Cancer not for the faint of heart.
From my earliest childhood days, I always associated cancer with the maternal side of our family. It seemed that this awful affliction was more prevalent among relatives from West Virginia. Grandma McCray succumbed when I was only eleven. Uncle Ronald passed later. The disease was all too common across Appalachia. I learned to fear its presence as a dreaded foe that took away those I loved.
So when my father confessed to us that he had developed colon cancer, in the 90’s, we were undeniably shocked.
A medical crossing over of sorts? It seemed unthinkable.
He made a doctor’s appointment before telling any of us, to avoid causing undue concern. Eventually, battling this malady involved three different surgeries, over a period of several years. He was left with a permanent colostomy.
This experience made me truly understand the fragility of life itself. As a result of complications in 1997, he reached the point of death. We literally stayed up all night at the hospital, with members of a local church. We prayed for his life to be spared.
With daybreak, God was merciful. He survived against the odds.
While watching him fight to be healed, I mused over lyrics from a favored poet and musician, Lou Reed. A composition from his recording ‘Magic and Loss’ depicted this sad situation with great authenticity:
“I see the Sword of Damocles
Is right above your head
They’re trying a new treatment
to get you out of bed
But radiation kills both bad and good
it can not differentiate
So to cure you, they must kill you
the Sword of Damocles hangs above your head.”
Later, a cousin on my paternal side, close in age to myself, developed similar issues. He had a cancerous tumor that was all but impossible to treat. All of this caused a great deal of personal anguish and family stress. And of course, an enormous amount of medical bills.
When I reached the age of fifty, my doctor urged that a screening for this particular kind of cancer be performed, immediately. In view of my family history, her advice seemed logical and prudent.
Emotionally, I prepared myself for the screening. It was a step to be taken with some trepidation and a mood of sobriety. Yet one undeniably necessary to preserve my health.
But when I spoke to a claims administrator about our workplace insurance, this plan was derailed.
“Not allowable,” she said, dryly. “It is an unneeded expense.”
I assured her that my genetic history with the disease was extensive. Both brother and sister had manifested pre-cancerous polyps in their colon.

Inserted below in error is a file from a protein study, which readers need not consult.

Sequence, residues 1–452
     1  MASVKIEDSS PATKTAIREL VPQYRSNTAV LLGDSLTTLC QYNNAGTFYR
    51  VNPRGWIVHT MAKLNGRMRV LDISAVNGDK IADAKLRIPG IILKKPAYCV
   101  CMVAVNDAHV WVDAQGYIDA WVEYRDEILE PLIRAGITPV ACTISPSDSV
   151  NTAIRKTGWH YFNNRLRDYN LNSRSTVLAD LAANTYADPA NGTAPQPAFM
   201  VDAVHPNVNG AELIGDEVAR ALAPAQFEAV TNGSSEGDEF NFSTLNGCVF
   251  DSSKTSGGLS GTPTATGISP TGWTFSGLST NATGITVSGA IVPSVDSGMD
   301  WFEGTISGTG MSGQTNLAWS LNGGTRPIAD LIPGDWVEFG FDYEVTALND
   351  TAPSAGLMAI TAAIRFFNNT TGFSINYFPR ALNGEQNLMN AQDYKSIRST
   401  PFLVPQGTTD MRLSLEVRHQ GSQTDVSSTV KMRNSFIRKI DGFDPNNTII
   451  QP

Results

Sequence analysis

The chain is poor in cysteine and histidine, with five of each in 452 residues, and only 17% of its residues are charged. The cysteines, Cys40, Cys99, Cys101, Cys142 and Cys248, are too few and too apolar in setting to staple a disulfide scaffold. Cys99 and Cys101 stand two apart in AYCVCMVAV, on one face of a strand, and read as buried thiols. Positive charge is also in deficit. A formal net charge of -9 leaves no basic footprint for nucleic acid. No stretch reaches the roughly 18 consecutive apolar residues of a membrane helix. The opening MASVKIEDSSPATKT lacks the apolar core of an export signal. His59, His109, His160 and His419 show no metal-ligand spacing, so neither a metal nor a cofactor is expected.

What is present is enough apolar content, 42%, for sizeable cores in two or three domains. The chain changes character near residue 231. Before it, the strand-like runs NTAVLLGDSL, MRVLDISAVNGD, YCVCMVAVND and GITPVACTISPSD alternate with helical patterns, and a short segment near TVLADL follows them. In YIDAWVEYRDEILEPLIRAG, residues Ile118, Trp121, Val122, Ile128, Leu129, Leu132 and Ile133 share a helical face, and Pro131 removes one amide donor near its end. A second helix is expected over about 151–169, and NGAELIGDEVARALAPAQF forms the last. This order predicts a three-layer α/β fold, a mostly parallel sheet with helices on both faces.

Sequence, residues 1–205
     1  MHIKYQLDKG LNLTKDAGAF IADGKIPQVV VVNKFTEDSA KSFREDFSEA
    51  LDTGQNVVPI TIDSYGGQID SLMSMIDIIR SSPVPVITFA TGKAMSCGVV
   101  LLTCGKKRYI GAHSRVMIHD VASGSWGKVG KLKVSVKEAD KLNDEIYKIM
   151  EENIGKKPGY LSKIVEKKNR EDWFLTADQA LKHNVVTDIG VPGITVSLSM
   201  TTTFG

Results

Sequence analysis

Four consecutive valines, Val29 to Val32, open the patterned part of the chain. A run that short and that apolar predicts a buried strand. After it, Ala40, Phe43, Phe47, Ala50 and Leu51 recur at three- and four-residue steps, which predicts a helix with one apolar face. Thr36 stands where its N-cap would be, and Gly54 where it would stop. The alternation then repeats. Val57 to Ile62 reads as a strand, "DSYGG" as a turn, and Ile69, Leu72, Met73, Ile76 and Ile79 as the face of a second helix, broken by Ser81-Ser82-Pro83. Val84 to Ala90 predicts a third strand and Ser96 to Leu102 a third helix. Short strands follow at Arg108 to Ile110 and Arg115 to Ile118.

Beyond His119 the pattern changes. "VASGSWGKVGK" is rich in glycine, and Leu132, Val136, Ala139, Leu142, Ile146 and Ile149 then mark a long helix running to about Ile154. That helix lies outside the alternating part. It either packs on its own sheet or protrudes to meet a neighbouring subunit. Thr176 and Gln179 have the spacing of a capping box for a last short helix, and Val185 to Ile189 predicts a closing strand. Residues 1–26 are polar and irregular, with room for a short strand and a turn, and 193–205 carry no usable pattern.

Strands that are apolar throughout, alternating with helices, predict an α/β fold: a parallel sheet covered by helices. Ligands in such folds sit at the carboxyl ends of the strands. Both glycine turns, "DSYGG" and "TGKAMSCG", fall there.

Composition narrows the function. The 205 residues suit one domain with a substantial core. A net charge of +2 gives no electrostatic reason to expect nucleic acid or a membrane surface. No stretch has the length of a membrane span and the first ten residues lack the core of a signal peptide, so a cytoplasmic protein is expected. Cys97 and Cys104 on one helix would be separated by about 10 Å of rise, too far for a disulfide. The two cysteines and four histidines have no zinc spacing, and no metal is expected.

“Not allowable,” she repeated. “We will not cover the cost.”
I was struck by the fact that my insurance came through a labor union that had lobbied extensively to elect candidates who supported President Obama’s ‘Affordable Care Act.’
“How is it possible to deny such a procedure?” I asked.
The claims administrator was very specific.
“Unless you are bleeding, we will not pay,” she observed.
Carefully, I explained that when my father manifested such symptoms, he was well beyond early detection. His cancer proved difficult to treat and returned even after radiation and chemotherapy. It literally brought him to the brink of oblivion.
The cost, in physical and monetary terms, was staggering.
“We will not pay,” she repeated.
In the next year, two other employees at my workplace met a similar fate. Though they also had extensive histories with the affliction, our insurer would not cover a screening.
It represented the most frightening proposition — health decisions being made not by a trusted family doctor, but instead, by a faceless administrator in a faraway office.
Even a simple blood test for prostate cancer proved to be too costly for this insurer. After my doctor requested the check, I received a bill for $1,274, to be paid immediately.
While making arrangements to satisfy the cost in installments, over the course of a year, I remembered the words from the claims office.
“We will not pay.”
In current terms, this situation left me at odds with both doctor and family.
My personal physician was adamant that the procedure be performed, immediately. And my cousin from Gallia County admonished me to have a colonoscopy, no matter what financial peril resulted. Yet I remembered an uncle who admitted that having the screening left him in debt for thousands of dollars.
Having survived a near-miss with bankruptcy while having knee surgery, only four years ago, I felt uneasy about encountering another money mishap. Still, not having the procedure seemed a bit like playing Russian Roulette.
There was no obvious solution.
I pondered getting a different job. Other stores where I had worked as a retail manager offered a different benefit plan. But the poor economy would make that kind of move hard to accomplish. Moreover, with system-wide reform on the horizon, it might not matter.
The clock was ticking. And I felt afraid.
Cancer? Inside my body?
Tick tick tick.
Another brush with bankruptcy?
Tick tick tick.
The Sword of Damocles? Swinging like a timekeeper’s pendulum?
Tick tick tick.
Grandma McCray. Uncle Ronald. Cousin Rob.
And too soon, myself.
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